Good Friday AM,
I am a bit baffled at the moment.
Yesterday CPI came in tame, and the bond market blew up for no real reason. Today, headline PPI was not our friend but the details and backward revisions do show more softening, yet we are seeing a muted reaction. We were on this really nice path to lower rates and now, we’re not.
Bloomberg shed a little light on it.
It took a tricky set of inflation figures to help underscore the risks, but ultimately this week’s boost to Treasuries issuance did end up causing some level of indigestion. The highest 30-year yield at auction since 2011 met sketchy demand, sending Bloomberg’s benchmark Treasuries index toward a fourth-straight week of declines.
That also meant the surprising trend for a so-called bear steepening of the yield curve gathered momentum.
The difficulties were especially noticeable given July inflation data mostly came in a little softer than forecast, as traders judged that the Federal Reserve was likely to suggest that their job isn’t done yet — even if they do leave interest rates unchanged at their next meeting.
Fed officials had spent much of the week making it clear rates aren’t going to come down in a hurry, even if they stop going up. Governor Michelle Bowman was of a mind to back further hikes, while New York Fed President John Williams stressed the likelihood that restrictive settings would be needed for some time. The Philadelphia branch’s Patrick Harker echoed those sentiments, even if he sounded more confident than many of his peers in seeing an end to hikes.
The conundrum for investors and central bankers is only becoming more difficult.
Signs are multiplying that the past year-and-a-half’s steep tightening campaigns are delivering economic pain. At the same time, inflation is remaining sticky, while labor markets are holding up far too well for central bankers to feel comfortable.
Moody’s Investors Service disconcerted investors by lowering the ratings on 10 US regional banks, with higher funding costs a key reason. Over in Europe, the economy is facing the biggest policy-inflicted blow in the euro era, as higher rates and fiscal restraint raise the risk of a nasty recession. For all that, a key bond-market indicator is signaling doubts the Fed has accomplished its mission of taming inflation.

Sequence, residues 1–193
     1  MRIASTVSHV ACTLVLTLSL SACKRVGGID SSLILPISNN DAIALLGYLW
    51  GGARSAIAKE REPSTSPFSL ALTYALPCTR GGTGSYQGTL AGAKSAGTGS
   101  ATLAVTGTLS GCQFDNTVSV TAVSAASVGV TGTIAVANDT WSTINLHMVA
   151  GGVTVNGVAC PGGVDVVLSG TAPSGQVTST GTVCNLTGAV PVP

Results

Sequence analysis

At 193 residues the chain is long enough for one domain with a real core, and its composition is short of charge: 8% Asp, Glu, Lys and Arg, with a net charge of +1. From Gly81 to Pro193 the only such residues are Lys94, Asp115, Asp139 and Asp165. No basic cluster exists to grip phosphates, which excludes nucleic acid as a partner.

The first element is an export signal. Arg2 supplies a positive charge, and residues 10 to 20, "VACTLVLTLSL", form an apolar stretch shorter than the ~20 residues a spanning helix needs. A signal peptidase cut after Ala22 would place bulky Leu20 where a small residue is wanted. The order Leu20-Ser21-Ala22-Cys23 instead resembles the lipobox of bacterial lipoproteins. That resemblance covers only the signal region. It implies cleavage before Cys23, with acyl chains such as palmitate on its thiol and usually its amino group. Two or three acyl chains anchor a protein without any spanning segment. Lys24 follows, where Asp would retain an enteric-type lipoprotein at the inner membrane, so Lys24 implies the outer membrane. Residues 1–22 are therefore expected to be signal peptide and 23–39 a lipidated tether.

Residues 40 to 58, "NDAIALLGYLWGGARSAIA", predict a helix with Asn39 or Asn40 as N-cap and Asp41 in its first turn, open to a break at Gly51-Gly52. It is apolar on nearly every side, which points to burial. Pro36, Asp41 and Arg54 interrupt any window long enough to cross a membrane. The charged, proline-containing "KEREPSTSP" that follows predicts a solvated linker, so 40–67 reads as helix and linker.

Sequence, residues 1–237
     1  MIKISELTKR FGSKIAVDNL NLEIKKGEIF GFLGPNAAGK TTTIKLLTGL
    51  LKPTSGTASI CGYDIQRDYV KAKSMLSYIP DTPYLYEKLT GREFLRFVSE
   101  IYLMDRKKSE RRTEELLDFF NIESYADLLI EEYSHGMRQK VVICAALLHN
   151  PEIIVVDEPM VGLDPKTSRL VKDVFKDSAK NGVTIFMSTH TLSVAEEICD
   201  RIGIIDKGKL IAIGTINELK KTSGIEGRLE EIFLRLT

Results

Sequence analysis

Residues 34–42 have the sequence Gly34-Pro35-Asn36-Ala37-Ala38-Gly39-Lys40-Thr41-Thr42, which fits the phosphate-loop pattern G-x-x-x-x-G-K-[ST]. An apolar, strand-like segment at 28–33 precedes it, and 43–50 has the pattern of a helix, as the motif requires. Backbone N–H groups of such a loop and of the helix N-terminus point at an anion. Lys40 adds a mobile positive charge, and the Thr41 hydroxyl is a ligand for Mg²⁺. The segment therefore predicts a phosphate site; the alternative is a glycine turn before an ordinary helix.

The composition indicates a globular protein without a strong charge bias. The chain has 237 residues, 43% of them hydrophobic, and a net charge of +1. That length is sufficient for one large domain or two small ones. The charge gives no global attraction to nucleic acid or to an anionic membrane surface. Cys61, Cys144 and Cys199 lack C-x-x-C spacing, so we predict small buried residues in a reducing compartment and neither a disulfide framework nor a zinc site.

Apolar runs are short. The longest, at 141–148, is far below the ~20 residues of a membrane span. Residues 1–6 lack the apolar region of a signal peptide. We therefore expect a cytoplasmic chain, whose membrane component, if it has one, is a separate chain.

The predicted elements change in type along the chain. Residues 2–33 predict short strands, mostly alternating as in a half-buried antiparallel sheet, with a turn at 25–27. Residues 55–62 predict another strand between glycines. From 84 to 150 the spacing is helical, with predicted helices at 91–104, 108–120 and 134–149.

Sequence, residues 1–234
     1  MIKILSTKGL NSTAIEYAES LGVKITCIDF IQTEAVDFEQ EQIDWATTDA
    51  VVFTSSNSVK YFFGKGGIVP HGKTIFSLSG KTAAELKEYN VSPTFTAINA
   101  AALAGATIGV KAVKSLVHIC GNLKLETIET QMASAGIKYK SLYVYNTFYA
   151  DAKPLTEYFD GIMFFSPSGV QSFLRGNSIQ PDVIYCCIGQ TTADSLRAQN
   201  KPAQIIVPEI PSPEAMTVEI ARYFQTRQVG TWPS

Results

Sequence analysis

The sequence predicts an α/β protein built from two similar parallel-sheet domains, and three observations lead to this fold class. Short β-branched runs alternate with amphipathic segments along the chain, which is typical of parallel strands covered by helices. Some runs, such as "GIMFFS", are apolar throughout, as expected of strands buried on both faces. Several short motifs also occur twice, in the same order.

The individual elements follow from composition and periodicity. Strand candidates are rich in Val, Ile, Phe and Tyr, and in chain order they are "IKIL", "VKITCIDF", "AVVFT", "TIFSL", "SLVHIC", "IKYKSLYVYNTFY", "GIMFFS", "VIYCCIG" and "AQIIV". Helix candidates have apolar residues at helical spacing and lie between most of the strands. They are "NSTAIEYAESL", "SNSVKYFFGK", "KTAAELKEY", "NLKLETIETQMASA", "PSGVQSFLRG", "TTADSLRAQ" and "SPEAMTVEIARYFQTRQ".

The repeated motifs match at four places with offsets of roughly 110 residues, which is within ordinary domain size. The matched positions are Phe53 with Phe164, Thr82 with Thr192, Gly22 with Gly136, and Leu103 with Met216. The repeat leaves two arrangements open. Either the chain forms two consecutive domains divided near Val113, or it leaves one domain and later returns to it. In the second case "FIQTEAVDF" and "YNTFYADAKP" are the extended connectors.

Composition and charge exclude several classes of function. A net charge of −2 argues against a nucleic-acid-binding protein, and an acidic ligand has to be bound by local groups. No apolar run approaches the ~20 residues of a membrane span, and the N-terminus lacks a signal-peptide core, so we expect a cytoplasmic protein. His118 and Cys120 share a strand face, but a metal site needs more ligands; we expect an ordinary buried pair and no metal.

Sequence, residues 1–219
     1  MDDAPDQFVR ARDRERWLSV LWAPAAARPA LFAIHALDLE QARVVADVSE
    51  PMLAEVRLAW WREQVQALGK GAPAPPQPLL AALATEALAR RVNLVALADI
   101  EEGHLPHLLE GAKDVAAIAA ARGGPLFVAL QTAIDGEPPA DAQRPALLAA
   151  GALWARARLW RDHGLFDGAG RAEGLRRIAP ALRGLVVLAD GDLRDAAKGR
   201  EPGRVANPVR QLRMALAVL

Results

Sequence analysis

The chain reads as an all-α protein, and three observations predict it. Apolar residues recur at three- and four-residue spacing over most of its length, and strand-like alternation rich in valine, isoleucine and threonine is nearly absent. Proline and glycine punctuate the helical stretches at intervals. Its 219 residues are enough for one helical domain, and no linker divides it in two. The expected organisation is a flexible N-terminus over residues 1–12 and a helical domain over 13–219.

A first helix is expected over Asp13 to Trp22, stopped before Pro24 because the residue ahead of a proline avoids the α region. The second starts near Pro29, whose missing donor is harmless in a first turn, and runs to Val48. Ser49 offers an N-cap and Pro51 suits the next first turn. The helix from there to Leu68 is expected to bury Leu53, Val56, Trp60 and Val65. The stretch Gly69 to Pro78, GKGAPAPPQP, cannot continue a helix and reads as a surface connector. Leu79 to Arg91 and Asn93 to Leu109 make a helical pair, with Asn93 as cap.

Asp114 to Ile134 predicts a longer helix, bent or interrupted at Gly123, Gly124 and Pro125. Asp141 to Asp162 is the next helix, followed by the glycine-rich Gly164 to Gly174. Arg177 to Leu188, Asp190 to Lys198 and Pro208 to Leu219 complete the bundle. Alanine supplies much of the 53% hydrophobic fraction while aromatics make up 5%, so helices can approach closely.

Interesting insights from the Mortgage Bankers Association on defaults. I am not talking about mortgage defaults where are low but take a look at autos and credit cards…
This week’s Chart of the Week shows that while mortgage delinquencies are at historic lows, data from New York Fed shows that early-stage delinquencies are rising for other forms of credit, specifically credit cards and car loans. The share of credit card balances moving into delinquency rose from 6.51 percent in the first quarter to 7.20 percent in the second quarter of 2023, the highest level since 2012. At the same time, the share of auto loan balances moving into delinquency rose from 6.88 percent in the first quarter to 7.28 percent in the second quarter of 2023, the highest level since 2018. The early-stage delinquencies for credit cards and car loans were well above the 30-day delinquency rate for mortgages and more than double the overall delinquency rate for mortgages, potentially an early sign that some weakness is starting to show in the broader economy.
Please remain safe and stay healthy, enjoy the weekend and first, make today great!